Prospect rankings are arbitrary.
For one, the most heralded national experts rely typically on second-hand knowledge, research and a little observation to make their judgments about thousands of players nationally. Often local writers devoted to prospect watching provide rankings that are just as vital and respectable, since they’re focusing on just one team, not 30.
But that aside, rankings are just rankings. Often – for example – a player ranked a team’s 20th-ranked prospect finds a route to the majors and provides value a team’s third-ranked prospect will never accrue. Just look at the Phillies over the years – in a random exercise I queued up John Sickels, who does a great job writing about prospects at Minor League Ball, and his 2012 Phils pre-prospect rankings.
Look at it! Trevor May (who has provided some relief pitching value in Minnesota) is the top choice. Then it’s Jesse Biddle, Sebastian Valle, Brody Colvin and Larry Greene, four guys who’ve never touched the majors. A young Maikel Franco is 10th on the list. Near-MLB-ready Freddy Galvis is 17th. All the way down in the “OTHERS” list: Ken Giles and Cesar Hernandez.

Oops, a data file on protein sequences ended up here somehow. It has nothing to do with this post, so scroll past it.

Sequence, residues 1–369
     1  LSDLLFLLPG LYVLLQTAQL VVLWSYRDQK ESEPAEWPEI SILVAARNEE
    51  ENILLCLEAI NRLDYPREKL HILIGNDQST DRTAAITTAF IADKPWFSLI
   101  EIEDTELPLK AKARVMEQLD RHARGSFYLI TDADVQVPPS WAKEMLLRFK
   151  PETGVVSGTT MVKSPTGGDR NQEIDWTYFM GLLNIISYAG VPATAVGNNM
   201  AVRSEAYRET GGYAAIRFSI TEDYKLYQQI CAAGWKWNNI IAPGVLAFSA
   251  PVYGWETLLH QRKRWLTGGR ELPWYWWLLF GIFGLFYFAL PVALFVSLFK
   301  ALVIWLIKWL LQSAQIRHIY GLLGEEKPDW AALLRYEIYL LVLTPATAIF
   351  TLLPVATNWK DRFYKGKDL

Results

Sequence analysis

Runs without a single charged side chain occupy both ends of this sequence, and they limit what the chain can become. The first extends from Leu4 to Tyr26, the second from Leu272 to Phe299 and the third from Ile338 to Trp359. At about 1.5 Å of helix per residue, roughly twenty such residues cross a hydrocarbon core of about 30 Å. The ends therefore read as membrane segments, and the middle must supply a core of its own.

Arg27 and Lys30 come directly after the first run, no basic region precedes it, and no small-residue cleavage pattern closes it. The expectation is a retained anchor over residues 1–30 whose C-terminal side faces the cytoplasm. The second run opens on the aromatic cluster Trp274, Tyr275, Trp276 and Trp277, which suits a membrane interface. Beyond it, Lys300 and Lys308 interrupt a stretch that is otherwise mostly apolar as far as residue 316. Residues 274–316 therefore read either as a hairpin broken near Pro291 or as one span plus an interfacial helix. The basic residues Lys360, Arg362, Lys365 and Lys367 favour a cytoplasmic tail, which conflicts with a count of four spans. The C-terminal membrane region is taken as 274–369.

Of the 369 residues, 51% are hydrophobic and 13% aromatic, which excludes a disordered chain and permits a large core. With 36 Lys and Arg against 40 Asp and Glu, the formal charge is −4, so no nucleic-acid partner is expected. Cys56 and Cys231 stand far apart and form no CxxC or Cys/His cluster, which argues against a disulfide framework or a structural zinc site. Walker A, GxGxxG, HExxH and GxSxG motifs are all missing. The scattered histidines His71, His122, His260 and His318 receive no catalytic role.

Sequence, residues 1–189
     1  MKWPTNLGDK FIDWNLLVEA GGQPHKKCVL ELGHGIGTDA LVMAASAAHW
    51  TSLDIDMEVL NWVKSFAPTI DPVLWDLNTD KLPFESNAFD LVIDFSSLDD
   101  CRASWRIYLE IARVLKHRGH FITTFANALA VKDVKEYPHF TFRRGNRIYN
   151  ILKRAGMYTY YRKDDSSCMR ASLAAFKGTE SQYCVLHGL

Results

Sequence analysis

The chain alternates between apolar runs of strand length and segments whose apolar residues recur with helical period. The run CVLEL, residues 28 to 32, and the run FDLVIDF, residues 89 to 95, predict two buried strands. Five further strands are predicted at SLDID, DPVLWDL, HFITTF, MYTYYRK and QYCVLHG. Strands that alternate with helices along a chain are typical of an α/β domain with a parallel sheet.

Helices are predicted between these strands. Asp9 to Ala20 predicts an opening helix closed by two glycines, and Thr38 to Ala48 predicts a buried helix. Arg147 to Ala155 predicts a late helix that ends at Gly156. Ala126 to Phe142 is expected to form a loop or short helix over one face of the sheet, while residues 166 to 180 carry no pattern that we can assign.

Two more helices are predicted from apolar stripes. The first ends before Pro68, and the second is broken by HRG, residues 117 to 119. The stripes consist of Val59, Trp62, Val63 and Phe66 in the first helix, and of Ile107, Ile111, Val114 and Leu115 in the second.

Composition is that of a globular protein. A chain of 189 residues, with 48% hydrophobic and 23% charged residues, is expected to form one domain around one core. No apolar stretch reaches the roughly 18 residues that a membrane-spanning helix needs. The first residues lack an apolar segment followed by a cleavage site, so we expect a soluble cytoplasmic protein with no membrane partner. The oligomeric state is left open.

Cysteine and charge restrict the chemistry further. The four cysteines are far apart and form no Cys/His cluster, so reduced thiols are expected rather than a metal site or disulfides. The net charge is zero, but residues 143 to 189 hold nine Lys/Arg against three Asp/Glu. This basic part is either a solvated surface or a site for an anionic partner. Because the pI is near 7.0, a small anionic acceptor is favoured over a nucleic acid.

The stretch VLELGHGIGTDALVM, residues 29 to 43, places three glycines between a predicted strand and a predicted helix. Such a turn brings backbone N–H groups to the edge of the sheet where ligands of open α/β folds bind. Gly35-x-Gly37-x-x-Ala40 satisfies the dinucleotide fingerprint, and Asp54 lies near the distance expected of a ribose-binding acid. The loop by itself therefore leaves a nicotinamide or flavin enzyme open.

This is not to lambaste Sickels. Again, he does great work. But all writers in 2012 were thinking about guys like May, Biddle, Valle, Colvin and Greene, when they provided little to no value in the majors.
It’s not their fault – they’re taking a snapshot of a moment, doing their best to say “in a perfect world, this ranking shows, in descending order, who we feel best about going forward.” It’s a little weird. It’s arbitrary.
So this year, let’s take all the reputable rankings out there, assign them a multiplier (because folks like Sickels, Keith Law and Baseball America get paid for this kind of thing) and try to understand the consensus. This is our Ultimate Prospect Index for 2017.
First, the rankings we considered: …
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